Christmas Eve I cleaned my gutters. At least the ones I could reach from my rickety wooden painter’s ladder or by climbing up on our flat roof garage. I’m pretty sure I didn’t do this last year thus the great layer of sludge that, if I were that kind of efficient, organized person, would become perfect compost for my garden. Instead, I scooped and tossed the rich goop down below with a splat, trusting the coming rain and snow will wash it all away.
Reaching the gutters around the garage and breezeway entailed scooching along the edge of the roof – not exactly treacherous but some bone certainly would have cracked if I’d taken the 7 foot fall.
At first I was fearful wondering what the hell I was doing up there on Christmas Eve when I should have been baking cookies. But I moved carefully and stayed focused and in less than 5 minutes felt at ease.
Every year I try to do some pre-New Year’s cleaning and my gutters seemed a good one — a perfect symbol for my clogged psyche, heavy with sediment. While sitting on the edge of the roof, I pushed through some of it – including a good dose of fear and anxiety.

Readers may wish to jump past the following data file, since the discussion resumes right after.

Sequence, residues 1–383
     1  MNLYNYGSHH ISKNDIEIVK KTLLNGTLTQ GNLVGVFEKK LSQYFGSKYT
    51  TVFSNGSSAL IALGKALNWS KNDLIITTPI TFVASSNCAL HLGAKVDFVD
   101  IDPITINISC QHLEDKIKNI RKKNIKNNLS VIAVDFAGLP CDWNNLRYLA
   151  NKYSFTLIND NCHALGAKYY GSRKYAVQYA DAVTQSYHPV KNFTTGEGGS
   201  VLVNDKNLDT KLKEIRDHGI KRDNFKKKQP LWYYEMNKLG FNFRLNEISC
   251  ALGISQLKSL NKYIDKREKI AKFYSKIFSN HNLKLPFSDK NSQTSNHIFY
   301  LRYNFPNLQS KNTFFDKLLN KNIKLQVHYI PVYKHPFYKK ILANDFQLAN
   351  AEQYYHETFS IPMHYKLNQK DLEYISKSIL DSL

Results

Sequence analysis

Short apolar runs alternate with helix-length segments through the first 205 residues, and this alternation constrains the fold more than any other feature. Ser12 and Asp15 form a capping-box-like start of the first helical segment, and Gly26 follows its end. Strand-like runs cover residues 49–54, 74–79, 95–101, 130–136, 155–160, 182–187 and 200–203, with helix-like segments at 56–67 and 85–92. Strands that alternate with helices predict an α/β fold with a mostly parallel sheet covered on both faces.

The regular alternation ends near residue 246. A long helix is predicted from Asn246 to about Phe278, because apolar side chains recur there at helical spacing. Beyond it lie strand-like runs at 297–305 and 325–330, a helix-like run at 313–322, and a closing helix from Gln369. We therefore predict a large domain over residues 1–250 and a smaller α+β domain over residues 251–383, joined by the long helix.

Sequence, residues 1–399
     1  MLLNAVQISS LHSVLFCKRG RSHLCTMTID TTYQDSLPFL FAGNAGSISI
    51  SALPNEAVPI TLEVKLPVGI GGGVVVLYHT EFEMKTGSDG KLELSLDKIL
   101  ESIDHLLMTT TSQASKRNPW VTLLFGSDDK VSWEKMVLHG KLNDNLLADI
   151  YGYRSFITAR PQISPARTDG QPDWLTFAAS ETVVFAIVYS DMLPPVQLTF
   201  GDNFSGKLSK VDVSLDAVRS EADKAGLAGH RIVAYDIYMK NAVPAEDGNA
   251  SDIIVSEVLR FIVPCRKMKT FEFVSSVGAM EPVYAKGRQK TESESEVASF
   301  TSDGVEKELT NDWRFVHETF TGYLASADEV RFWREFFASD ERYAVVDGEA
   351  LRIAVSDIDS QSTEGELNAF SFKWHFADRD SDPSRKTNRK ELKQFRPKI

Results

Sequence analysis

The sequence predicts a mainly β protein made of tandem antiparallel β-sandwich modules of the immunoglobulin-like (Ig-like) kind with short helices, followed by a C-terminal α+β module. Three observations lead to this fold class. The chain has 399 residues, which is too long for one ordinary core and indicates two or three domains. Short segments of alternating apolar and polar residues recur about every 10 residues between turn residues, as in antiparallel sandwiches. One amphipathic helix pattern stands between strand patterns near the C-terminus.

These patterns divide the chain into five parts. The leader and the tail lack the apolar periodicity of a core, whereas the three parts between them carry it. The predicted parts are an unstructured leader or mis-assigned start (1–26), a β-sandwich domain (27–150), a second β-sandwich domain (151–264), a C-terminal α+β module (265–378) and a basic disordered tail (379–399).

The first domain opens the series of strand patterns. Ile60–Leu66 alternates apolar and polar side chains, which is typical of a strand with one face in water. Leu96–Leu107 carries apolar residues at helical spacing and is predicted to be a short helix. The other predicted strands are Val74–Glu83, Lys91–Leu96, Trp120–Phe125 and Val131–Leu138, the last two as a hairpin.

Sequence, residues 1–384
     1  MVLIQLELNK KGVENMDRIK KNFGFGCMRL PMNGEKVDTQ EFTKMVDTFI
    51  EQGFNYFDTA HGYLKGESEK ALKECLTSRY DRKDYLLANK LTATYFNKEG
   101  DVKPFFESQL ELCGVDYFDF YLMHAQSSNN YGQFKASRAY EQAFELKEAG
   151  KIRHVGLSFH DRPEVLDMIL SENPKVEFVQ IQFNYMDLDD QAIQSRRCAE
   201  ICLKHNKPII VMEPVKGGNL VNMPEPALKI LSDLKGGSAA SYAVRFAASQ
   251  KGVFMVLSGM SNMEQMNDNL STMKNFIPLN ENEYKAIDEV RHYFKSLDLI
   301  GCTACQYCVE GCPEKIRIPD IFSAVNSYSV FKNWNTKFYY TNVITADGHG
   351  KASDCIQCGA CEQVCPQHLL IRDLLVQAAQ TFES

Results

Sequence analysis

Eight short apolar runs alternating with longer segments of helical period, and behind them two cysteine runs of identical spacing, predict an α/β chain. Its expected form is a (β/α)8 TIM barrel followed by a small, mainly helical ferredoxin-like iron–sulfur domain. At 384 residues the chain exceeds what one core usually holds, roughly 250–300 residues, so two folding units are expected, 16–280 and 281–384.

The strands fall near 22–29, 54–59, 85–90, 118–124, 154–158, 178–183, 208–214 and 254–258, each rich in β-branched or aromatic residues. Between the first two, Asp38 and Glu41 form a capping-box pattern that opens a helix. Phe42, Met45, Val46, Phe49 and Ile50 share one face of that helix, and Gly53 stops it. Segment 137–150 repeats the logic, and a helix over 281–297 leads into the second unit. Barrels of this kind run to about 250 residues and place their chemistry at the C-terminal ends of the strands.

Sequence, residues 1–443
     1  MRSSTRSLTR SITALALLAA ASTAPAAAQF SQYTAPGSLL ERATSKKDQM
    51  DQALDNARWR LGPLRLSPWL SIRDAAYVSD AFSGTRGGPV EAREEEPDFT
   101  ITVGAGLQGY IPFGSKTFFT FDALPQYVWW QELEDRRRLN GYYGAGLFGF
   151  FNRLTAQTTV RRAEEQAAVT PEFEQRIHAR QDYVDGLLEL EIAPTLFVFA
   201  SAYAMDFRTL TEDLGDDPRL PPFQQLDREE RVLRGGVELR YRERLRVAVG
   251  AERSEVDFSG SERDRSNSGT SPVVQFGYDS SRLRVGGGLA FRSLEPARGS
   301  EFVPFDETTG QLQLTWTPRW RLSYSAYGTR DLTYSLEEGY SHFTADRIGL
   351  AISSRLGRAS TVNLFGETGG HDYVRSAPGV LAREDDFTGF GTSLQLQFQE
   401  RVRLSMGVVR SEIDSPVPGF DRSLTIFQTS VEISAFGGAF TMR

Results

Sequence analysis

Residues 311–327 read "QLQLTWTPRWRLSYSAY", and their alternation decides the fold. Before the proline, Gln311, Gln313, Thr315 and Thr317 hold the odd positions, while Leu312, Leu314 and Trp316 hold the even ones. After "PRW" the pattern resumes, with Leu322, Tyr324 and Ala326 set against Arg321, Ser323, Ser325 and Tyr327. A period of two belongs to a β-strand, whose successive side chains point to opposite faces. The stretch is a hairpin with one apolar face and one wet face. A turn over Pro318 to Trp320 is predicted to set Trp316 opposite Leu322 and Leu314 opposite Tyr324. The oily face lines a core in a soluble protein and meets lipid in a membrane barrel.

Earlier in the day I heard an inspiring interview on On Being interview with David Steindl-Rast – this wonderful sounding 90 year Austrian monk who has to be a good guy because he was pals with Thomas Merton. If you have time, read through or listen to the whole interview – you might find it inspiring too.
This bit resonated with me and I thought about it again while crouching on the shingles: “… anxiety has a way of paralyzing us… But what really paralyzes us is fear. It’s not the anxiety, it’s the fear, because it resists. The moment we give up this resistance — everything hinges on this trust in life. Trust. And with this trust, with this faith, we can go into that anxiety and say, it’s terrible, it feels awful. But it may — I trust that it is just another birth into a greater fullness.”
That’s where I’m headed: a greater fullness. From my roof I took it slow, payed close attention and managed to enjoy the view.